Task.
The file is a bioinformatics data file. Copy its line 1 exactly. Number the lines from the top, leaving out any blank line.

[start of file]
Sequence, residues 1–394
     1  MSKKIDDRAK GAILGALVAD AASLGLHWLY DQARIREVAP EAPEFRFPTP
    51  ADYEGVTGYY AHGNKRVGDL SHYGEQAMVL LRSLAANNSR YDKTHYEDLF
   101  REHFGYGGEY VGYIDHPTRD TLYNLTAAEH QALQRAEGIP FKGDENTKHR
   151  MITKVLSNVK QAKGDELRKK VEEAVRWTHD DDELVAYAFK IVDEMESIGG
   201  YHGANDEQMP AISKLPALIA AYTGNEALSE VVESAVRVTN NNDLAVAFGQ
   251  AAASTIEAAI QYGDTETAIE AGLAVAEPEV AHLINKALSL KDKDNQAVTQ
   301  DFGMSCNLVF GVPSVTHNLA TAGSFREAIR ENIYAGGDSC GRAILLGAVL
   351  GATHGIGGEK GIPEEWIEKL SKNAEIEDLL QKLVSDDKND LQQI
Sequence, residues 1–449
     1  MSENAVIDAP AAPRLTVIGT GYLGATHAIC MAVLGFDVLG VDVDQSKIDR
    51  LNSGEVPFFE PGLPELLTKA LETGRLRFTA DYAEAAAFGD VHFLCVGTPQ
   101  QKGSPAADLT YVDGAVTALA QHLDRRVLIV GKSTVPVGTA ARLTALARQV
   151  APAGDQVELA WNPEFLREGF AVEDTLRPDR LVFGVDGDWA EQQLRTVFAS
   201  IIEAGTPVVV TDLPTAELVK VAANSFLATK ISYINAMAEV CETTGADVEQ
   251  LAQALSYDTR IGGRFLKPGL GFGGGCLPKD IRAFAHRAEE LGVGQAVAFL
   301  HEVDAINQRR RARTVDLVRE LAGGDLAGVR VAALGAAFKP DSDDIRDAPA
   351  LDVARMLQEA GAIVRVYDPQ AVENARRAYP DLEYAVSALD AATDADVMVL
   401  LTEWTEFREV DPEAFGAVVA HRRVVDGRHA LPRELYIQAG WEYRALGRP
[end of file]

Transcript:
Sequence, residues 1–394